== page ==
If you consistently use concept maps with your students, they will soon understand how and why concept maps are constructed. Figure 5 shows a concept map about concept mapping drawn by one of our grade 6 students. It clearly shows the connections which students make between concepts and events on the one hand, and the experiments on the other. The student also expressed the importance of hierarchy, the relationship between concepts and linking words, the relative freedom in constructing the map ("CONCEPT MAPS can be any SIZE/SHAPE"), and that the concept maps help in meaningful learning.
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We have observed an overwhelmingly positive attitude towards science courses in general and towards concept mapping in specific. In their concept maps about science, the students express that science is fun. They like concept mapping because it shows them how things are connected, and because they can work together in groups. We feel that teaching and learning in the science class or laboratory should be a meaningful experience. Concept maps have become an important tool for both students and teachers in our school to get the most out of our classes. Students know how all the lessons and/or experiences are interconnected and they can make sense of, that is, can wholistically visualize, an otherwise seemingly sequential curriculum. The teachers know how to put all the lessons together so that each one builds on the next in such a manner that the students can construct meaning.
 Chi, M. T. H., Feltovich, P. J., & Glaser, R. (1981). Categorization and representation of physics problems by experts and novices. Cognitive Science, 5, 121-152.
 Novak, J. D. & Gowin, D. B. (1984). Learning how to learn. Cambridge: Cambridge University Press
 Mallinson, G. G., Mallinson, J. B., Smallwood, W. L., & Valentino, C. (1985). Silver Burdett science 6. Morristown, NJ: Silver Burdett Co.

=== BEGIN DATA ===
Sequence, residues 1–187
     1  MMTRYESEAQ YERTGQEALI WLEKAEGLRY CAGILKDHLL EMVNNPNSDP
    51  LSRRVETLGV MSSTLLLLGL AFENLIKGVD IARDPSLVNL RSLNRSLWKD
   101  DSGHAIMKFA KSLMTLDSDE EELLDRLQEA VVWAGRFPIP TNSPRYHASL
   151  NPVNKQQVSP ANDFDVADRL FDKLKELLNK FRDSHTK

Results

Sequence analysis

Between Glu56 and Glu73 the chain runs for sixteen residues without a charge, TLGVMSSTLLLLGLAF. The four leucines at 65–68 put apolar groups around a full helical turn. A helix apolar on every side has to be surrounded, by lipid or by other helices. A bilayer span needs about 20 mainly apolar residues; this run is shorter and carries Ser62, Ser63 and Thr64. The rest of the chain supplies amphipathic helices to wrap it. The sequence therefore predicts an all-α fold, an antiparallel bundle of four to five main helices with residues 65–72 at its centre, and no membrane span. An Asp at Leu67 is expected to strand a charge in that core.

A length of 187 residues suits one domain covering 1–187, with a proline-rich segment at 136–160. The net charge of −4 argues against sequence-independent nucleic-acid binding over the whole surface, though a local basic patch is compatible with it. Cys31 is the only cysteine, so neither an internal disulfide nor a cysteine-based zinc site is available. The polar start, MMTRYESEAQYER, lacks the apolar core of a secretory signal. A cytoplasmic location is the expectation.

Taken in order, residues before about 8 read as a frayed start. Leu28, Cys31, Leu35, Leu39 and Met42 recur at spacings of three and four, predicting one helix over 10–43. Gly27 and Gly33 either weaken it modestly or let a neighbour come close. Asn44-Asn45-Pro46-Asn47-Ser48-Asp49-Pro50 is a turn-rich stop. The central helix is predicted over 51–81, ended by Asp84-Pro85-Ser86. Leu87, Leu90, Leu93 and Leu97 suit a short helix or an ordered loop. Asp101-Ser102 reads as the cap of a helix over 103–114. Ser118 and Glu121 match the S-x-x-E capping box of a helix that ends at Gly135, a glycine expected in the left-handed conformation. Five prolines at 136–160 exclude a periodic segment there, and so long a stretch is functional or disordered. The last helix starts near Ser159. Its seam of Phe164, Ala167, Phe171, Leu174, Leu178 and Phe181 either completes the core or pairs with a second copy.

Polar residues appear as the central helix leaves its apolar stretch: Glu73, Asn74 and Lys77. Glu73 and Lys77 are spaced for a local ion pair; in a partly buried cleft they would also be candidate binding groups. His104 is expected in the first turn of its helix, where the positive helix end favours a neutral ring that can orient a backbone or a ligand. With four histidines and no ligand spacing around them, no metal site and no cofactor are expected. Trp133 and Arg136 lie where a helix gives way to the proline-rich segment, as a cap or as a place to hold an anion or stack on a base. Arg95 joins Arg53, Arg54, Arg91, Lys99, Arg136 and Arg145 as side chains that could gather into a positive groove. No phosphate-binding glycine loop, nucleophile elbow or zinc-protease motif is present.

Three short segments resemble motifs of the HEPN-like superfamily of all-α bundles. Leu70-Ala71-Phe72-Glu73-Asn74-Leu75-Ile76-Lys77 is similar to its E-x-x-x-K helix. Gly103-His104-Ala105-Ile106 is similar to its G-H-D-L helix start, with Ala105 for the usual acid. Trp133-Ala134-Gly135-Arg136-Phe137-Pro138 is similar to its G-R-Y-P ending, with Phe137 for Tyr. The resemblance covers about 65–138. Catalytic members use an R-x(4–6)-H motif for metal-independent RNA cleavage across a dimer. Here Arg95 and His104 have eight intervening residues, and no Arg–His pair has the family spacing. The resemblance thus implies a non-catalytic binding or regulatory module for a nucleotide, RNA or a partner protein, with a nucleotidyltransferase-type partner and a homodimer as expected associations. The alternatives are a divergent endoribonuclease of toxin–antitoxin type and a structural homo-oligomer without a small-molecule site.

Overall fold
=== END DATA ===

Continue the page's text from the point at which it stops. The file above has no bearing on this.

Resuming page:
Roth, W.-M. (1993). Construction sites: Science labs and classrooms. In K. Tobin (Ed.), The practice of constructivism in science education (pp. 145-170). Washington, D.C.: American Association for the Advancement of Science.
 Roth, W.-M., & Roychoudhury, A. (1993). The concept map as a tool for the collaborative construction of knowledge: A microanalysis of high school physics students. Journal of Research in Science Teaching, 30, 503-534.
 Starr, M. L. & Krajcik, J. S. (1990). Concept maps as heuristics for science curriculum development: Toward improvement in process and product. Journal of Research in Science Teaching, 27(10), 987-1000.
Figure 1. A concept map drawn after a several experiments with thermometers
Figure 2. A concept map drawn after one of the experiments on phase changes. Here, boiling was the event observed.
Figure 3. A concept map as a summary of a textbook reading by a sixth grade student.
Figure 4. A concept map for planning the grade six curriculum. Various lessons are indicated on this concept map summarizing the whole unit.
Figure 5. A sixth grader summarizes his experience and knowledge about concept mapping.